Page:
Joel Klettke is a Search Engine Optimization specialist at Vovia. Joel's also an experienced writer and local marketing expert.

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5 Things I Wish All Clients Knew About SEO

vendingI’ve had the benefit of working with all types of clients from mom & pop shops to international franchises. Throughout that time I’ve run into many misconceptions and confusions when it comes to SEO. While nobody’s asking you to be an expert (that’s my job!), here’s the top 5 things I wish all my clients understood about search engine optimization:

1. SEO Isn’t A Vending Machine

Many seem to believe that getting a top 10 ranking is a simple, transactional process: You pay me, I pay Google (or do some sort of tech magic) and boom – you get a top 10 ranking. But that’s not how it works.

Good SEO requires a high-level strategy just like any other business initiative.There are over 200 different factors that go into Google’s algorithm. My job is to dig into your data, dissect it and turn it into actionable information and better rankings. I’m responsible for understanding not only your site, but those of your competition; what makes them rank and how you can do better than them. What I’m not responsible for? Plunking your quarters into the Google vending machine.

2. SEO Takes Time (Really!)

I know it sounds like we’re stalling when we tell you that obtaining that top 10 ranking will take 6 months to a year. I understand your concern: you’re used to quick results and rigid deadlines.

But here’s the thing: if you’re just getting on board now, chances are your competition has been working at obtaining those same top 10 rankings for longer than you have. Do a quick Google search for the keyword your interested in. Take note of the small footnote below the search bar that reads: “About X results”. That’s the number of sites you’re competing against for that coveted top 10 real estate.

It also takes time for search engines to discover the links we’re building and the content we’re tweaking. Google’s algorithms are complex, crunching enormous amounts of data every day. The result is that even good SEO can take time to show itself.

3. I Can’t Do This Without You!

No, those aren’t love song lyrics. If you don’t implement recommendations, reply to e-mails or involve me in your business then I’m going to be very limited in the results I can return. I’m not asking you to know the technical stuff and I’m definitely not asking you to do the grunt work. I’m also not suggesting that you handhold those doing your SEO. Micromanaging is counterproductive.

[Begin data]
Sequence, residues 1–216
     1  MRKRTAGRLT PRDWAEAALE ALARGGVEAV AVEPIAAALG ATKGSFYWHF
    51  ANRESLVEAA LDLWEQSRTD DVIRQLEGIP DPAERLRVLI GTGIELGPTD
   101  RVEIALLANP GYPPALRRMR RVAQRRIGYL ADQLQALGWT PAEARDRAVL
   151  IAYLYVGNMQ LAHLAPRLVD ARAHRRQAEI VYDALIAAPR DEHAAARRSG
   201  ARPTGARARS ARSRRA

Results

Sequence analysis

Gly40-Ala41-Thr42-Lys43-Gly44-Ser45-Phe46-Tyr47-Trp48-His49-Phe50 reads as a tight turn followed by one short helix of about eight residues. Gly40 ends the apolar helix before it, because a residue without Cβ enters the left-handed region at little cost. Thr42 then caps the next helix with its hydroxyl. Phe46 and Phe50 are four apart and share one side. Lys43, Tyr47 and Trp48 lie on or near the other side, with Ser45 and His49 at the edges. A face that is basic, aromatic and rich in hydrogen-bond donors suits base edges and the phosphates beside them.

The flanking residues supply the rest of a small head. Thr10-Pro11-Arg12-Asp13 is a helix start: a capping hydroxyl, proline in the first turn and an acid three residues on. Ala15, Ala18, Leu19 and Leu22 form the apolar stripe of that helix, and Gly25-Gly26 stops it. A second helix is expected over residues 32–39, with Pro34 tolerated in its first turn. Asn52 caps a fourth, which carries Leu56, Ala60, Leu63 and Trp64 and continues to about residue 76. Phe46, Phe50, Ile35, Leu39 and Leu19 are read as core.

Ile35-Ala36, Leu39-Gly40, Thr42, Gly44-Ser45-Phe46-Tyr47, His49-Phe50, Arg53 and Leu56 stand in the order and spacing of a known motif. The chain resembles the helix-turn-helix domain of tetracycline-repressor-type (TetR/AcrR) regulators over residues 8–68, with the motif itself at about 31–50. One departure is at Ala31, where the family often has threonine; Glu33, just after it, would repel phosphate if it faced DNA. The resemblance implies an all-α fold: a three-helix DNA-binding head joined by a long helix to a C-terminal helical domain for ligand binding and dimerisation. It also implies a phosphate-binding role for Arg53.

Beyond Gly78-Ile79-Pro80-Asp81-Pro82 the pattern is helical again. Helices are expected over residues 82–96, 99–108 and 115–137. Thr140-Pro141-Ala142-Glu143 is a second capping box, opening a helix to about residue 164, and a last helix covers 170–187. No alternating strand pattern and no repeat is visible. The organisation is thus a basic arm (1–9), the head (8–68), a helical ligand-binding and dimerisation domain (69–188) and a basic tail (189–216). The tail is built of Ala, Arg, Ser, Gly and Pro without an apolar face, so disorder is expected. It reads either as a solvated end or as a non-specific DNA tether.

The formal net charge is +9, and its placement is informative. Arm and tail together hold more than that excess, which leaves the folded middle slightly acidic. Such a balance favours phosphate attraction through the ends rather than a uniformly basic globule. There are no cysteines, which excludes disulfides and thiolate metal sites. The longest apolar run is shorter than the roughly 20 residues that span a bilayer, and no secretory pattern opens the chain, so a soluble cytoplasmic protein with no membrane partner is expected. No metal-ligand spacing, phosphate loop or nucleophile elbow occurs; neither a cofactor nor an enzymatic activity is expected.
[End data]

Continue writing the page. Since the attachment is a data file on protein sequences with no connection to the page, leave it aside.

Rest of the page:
But as a client, you’ve got certain powers I don’t. I might have the knowledge but you have the power of approval. Only you know your networks; I can tell you how to leverage them online. You know what interests your target audience; I can turn that into link building opportunities. You know what your business is doing offline; I can turn that into great online campaigns and links. A smart optimizer does everything they can to learn about your business, but we often need your cooperation before we can really leverage that knowledge into results.

4. When Your Site Changes, So Do Your Results

I know this sounds obvious, but the implications are massive.

First of all, understand that your site probably has to change. I know you might be really attached to that flash navigation, title tag or piece of content – but sometimes change is good. Search engine optimization is the process of changing your website so that it not only engages your customers (make no mistake, that’s really important!) but also lets search engines know that your site is relevant. A mechanic can’t fix your car without getting under the hood; I can’t improve your rankings without making some changes.

Secondly, understand that any time you redesign your website your rankings are going to be impacted. Whether you’re switching your CMS, changing your navigation, adding/removing pages or just playing around with the content: all these actions can have immediate and drastic SEO implications. Keep me in the loop when considering changes – I can advise you as to how your changes will impact your rankings and traffic. That way, we’ll both avoid unwanted surprises.

5. Bad Advice and Snake-Oil Salesmen Are Everywhere

I’m sometimes approached by clients who forward me an unsolicited e-mail from a “SEO Specialist” claiming they can guarantee rankings or offering services like “1,000 Quality Articles Spun For You!”.

Part of the problem with the field of SEO is that there’s no formal gauge of competence other than past work. Anyone can claim to be a search engine specialist, romance your ears with nice sounding promises, dazzle you with technical jargon and then waltz off with your money.These types of people give the industry a bad name.

Another problem is that there’s no regulatory body on best practices in SEO. Many people try to learn SEO on their own, reading articles, forums and other resources online. Don’t get me wrong – getting informed is good! The more we’re on the same page the better.

But at the same time, know that articles are outdated, quacks are everywhere and some advice is just plain bad. Let me be your soundboard: you hired me for my expertise, so make use of it! Ask questions and be involved. Know that I spend hours staying current for just this reason; to help you avoid bad practices and shady offers.